TransMap Ensembl Track Settings
 
TransMap Ensembl and GENCODE Mappings Version 5   (TransMap V5)

This track is part of a parent called TransMap V5. To show other tracks of this parent, go to the TransMap V5 configuration page.

Display mode:   

Label: common name    organism abbreviation    source database    source transcript id    alignment Id    gene name    gene id    gene type    transcript type   

Color track by codons or bases: Help on mRNA coloring

Alignment Gap/Insertion Display Options Help on display options
Draw double horizontal lines when both genome and query have an insertion
Draw a vertical purple line for an insertion at the beginning or end of the
query, orange for insertion in the middle of the query
Draw a vertical green line where query has a polyA tail insertion
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Data last updated: 2019-06-10 09:53:46

Description

This track contains GENCODE or Ensembl alignments produced by the TransMap cross-species alignment algorithm from other vertebrate species in the UCSC Genome Browser. GENCODE is Ensembl for human and mouse, for other Ensembl sources, only ones with full gene builds are used. Projection Ensembl gene annotations will not be used as sources. For closer evolutionary distances, the alignments are created using syntenically filtered BLASTZ alignment chains, resulting in a prediction of the orthologous genes in human.

Display Conventions and Configuration

This track follows the display conventions for PSL alignment tracks.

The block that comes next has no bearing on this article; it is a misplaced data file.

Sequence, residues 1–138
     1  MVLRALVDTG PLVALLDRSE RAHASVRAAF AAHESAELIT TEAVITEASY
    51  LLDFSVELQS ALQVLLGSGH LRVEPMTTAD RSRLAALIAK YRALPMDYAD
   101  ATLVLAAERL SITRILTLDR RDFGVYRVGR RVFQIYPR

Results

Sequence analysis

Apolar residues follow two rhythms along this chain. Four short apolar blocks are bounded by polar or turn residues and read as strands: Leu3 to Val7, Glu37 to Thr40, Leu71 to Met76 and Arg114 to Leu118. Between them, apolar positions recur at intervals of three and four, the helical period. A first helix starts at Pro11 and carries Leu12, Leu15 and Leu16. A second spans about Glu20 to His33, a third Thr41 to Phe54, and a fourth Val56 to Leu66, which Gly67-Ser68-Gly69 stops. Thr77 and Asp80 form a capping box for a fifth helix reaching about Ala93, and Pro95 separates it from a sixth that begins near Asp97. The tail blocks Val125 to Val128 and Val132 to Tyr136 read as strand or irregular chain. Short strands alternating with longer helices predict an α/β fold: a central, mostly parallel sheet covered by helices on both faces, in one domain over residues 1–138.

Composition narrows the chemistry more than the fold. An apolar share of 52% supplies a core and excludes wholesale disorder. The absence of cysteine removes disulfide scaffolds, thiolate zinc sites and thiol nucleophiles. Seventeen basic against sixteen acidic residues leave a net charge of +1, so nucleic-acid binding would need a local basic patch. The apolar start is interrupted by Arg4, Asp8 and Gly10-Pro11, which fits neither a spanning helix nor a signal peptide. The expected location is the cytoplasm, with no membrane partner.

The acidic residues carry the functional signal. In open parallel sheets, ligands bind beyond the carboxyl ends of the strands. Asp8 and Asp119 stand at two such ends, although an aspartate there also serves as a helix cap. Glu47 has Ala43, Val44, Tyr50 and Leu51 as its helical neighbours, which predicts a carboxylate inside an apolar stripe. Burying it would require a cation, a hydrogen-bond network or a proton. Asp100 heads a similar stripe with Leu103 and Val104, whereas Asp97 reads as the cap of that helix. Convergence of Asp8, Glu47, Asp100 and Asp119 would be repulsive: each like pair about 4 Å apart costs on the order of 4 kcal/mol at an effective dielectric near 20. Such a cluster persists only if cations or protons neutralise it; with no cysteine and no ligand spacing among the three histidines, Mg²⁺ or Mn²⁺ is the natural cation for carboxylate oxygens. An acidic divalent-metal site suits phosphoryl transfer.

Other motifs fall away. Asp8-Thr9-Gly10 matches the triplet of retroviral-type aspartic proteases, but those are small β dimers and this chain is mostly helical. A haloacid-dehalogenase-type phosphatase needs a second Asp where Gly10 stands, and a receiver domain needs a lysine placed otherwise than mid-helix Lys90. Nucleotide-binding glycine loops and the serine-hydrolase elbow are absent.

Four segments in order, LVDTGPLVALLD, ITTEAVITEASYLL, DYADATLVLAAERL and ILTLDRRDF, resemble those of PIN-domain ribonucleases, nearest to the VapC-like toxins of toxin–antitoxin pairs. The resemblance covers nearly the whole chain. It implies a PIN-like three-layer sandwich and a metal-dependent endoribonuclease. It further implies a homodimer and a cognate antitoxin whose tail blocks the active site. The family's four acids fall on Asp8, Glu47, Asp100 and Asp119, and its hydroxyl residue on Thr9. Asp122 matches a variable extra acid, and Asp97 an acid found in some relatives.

This track may also be configured to display codon coloring, a feature that allows the user to quickly compare cDNAs against the genomic sequence. For more information about this option, click here. Several types of alignment gap may also be colored; for more information, click here.

Methods

  1. Source transcript alignments were obtained from vertebrate organisms in the UCSC Genome Browser Database. BLAT alignments of RefSeq Genes, GenBank mRNAs, and GenBank Spliced ESTs to the cognate genome, along with UCSC Genes, were used as available.
  2. For all vertebrate assemblies that had BLASTZ alignment chains and nets to the human (hg38) genome, a subset of the alignment chains were selected as follows:
    • For organisms whose branch distance was no more than 0.5 (as computed by phyloFit, see Conservation track description for details), syntenic filtering was used. Reciprocal best nets were used if available; otherwise, nets were selected with the netfilter -syn command. The chains corresponding to the selected nets were used for mapping.
    • For more distant species, where the determination of synteny is difficult, the full set of chains was used for mapping. This allows for more genes to map at the expense of some mapping to paralogous regions. The post-alignment filtering step removes some of the duplications.
  3. The pslMap program was used to do a base-level projection of the source transcript alignments via the selected chains to the human genome, resulting in pairwise alignments of the source transcripts to the genome.